They will soar on wings like eagles;
  they will run and not grow weary,
  they will walk and not be faint."
Isaiah 40:31 (NIV)

Especially when we are feeling worn out, this passage and the promise of strength can still give us encouragement today when we face difficulties.

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Slow Down and Listen
Photo and Commentary ©2014 by Darren Milam
Wednesday, February 26, 2014

Good advice--and I also realize it’s not the easiest thing to do.  Life is so busy.  Whether it’s work, school, family – life can get very full. I also realize, that’s not an excuse.  God can be talking to us and if we don’t take the chance to slow down and listen, we’ll never hear Him.

This last weekend we went up to Snoqualmie Pass.  We spent some time sledding and playing in the snow.  At one point, we were a little ways into the forest and I laid down in the snow, looking up at the sky, watching the snowflakes slowly fall to earth.  No noise. No computers. No work.  It was very peaceful and quiet.  Those are the moments, we can hear our Creator.  I need to take more of those moments – in the snowy forest, driving in the car, or in the living room at home.  Just listening.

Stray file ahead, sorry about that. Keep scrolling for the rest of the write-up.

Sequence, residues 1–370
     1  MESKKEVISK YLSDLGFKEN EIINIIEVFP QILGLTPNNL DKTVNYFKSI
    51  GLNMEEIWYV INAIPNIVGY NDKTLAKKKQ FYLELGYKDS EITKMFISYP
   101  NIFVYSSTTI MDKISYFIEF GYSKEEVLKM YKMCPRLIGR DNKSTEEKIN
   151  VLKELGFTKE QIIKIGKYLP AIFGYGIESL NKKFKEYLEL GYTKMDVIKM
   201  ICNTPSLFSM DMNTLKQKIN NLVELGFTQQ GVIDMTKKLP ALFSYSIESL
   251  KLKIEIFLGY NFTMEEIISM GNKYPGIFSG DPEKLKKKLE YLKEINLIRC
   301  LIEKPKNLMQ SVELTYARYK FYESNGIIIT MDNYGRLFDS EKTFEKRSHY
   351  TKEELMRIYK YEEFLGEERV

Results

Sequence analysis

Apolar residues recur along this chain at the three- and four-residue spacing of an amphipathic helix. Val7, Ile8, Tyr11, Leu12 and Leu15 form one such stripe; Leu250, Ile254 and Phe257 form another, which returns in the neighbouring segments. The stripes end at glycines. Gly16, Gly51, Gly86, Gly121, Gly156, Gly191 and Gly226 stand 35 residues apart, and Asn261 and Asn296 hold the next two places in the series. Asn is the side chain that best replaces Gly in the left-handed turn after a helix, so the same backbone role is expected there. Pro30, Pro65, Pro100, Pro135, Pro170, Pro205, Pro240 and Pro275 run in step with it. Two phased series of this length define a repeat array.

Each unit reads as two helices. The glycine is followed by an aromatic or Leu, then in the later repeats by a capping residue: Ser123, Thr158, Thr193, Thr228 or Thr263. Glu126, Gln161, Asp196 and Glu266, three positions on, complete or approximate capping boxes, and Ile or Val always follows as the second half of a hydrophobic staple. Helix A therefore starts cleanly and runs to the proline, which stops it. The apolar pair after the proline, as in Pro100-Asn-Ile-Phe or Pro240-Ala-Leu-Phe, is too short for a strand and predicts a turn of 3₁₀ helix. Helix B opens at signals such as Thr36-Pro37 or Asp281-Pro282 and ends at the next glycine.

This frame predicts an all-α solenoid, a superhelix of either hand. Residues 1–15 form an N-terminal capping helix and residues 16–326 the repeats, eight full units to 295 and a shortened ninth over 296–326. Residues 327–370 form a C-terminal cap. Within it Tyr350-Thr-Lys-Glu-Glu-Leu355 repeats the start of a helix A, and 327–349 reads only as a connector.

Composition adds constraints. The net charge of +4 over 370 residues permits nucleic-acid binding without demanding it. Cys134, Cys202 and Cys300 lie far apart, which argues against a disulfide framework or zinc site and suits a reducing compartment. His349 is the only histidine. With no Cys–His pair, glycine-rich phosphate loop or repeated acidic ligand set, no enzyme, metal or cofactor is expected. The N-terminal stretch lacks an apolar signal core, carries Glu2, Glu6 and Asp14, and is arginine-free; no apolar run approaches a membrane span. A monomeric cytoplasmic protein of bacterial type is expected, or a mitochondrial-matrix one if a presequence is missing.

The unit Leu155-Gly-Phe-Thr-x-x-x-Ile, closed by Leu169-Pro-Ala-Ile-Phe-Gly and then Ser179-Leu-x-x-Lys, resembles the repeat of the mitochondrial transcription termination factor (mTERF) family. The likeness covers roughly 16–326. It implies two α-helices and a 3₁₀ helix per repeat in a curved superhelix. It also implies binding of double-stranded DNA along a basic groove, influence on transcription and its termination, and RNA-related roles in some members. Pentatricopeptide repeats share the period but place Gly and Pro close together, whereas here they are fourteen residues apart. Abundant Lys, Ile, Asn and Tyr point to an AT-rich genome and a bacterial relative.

What if we were a little more like Samuel, “Speak, Lord, for your servant is listening.”. Let’s see what God has to say to us.

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Snow Goose II
Photo and Commentary ©2014 by Robert Howson
Tuesday, February 25, 2014

Same field, same day, same flock, even same camera and lens but entirely different results.  What made the difference?  The simple answer, the fog.  The instructive answer was to wait, for in just a few hours after the first image was taken the fog had burned off and the mountains, and the Snow Geese, were left to bask in the clear, crisp winter air.  All that had to be done was wait.